Seven states in America had obesity rates among adults at or above 35 percent. This record number is an increase from five states in 2016.
In addition to the increase, no state had a significant improvement in its obesity rate over the past year, according to the annual State of Obesity 2018: Better Policies for a Healthier America report. The report, now in its 15th year, is published by the Trust for America’s Health and Robert Wood Johnson Foundation.
Between 2016 and 2017, there were increases in obesity in six states. Currently, 48 states have adult obesity rates exceeding 25 percent. The report found that at least 20 percent of adults are obese in every state. However, the rates of obesity vary across the country.
According to the study, seven states now have obesity rates at or surpassing 35 percent. Most of these states, with the exception of West Virginia and Iowa, are in the south. The other five states include Oklahoma, Arkansas, Alabama, Louisiana and Mississippi.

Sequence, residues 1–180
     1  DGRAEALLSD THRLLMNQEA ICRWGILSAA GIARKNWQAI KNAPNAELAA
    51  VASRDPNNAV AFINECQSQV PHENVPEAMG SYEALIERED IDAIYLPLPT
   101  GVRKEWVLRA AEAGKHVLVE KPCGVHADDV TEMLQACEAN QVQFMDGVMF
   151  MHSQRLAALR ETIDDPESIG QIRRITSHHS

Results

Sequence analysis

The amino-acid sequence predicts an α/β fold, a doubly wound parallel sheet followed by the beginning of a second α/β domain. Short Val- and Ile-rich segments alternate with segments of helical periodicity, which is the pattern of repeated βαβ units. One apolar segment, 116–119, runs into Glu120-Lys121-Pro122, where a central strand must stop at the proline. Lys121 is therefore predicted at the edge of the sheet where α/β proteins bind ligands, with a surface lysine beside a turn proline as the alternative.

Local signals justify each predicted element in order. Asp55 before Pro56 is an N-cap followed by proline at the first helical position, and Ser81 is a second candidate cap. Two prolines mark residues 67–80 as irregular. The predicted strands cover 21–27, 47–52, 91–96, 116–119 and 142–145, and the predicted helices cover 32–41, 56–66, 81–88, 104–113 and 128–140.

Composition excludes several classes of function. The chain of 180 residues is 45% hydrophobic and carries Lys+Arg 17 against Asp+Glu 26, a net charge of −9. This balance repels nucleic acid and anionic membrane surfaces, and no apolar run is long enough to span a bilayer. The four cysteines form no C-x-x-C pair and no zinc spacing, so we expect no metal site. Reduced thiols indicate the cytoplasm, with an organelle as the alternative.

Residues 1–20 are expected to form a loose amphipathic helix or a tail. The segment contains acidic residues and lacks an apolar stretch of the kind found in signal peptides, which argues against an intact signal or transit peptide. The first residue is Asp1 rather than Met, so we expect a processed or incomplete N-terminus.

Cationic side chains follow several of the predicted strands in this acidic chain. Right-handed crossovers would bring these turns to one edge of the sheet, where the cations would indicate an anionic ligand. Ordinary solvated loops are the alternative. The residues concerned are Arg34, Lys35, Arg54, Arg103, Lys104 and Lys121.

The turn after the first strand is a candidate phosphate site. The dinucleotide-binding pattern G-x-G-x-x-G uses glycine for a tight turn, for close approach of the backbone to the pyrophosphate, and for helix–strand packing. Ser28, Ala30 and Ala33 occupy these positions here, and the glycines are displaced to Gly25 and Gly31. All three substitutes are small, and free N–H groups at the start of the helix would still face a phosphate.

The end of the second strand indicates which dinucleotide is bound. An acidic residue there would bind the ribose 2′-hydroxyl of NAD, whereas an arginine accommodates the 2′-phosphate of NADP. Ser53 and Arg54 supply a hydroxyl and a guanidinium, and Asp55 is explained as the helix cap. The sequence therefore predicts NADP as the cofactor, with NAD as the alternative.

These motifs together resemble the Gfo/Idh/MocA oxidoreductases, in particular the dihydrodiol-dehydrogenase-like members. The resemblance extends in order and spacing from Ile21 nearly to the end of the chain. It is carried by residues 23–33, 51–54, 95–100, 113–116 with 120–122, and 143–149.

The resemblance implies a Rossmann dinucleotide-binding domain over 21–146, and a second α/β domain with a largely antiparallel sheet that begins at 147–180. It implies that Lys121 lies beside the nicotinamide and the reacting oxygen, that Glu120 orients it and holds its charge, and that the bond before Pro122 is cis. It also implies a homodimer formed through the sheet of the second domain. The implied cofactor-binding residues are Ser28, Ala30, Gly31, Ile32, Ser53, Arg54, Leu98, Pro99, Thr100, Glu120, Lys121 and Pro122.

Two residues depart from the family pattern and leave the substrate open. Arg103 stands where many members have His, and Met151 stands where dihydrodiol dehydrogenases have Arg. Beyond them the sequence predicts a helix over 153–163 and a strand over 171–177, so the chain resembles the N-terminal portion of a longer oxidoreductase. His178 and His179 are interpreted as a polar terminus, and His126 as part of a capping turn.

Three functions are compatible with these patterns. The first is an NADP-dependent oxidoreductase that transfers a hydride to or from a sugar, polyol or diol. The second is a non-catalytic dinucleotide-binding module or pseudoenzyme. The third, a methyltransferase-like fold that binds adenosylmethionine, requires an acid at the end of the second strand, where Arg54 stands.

Only two states, Colorado and Hawaii, and the District of Columbia, have rates less than 25 percent. Western and northeastern states, as well as Florida, have rates between 25 and 30 percent. Central states like the Dakotas, Kansas and Missouri, as well as southeastern states, like Georgia and the Carolinas, have rates between 30 and 35 percent.
The lowest state-rate of obesity is 22.6 percent in Colorado and the highest is 38.1 percent in West Virginia, according to a press release from the TFAH and Robert Wood Johnson Foundation. 2017 was the first year adult obesity rates surpassed 35 percent in Iowa and Oklahoma and was the second time for Alabama, Arkansas, Louisiana, Mississippi and West Virginia.
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SOURCE: U.S. News & World Report, Alexa Lardieri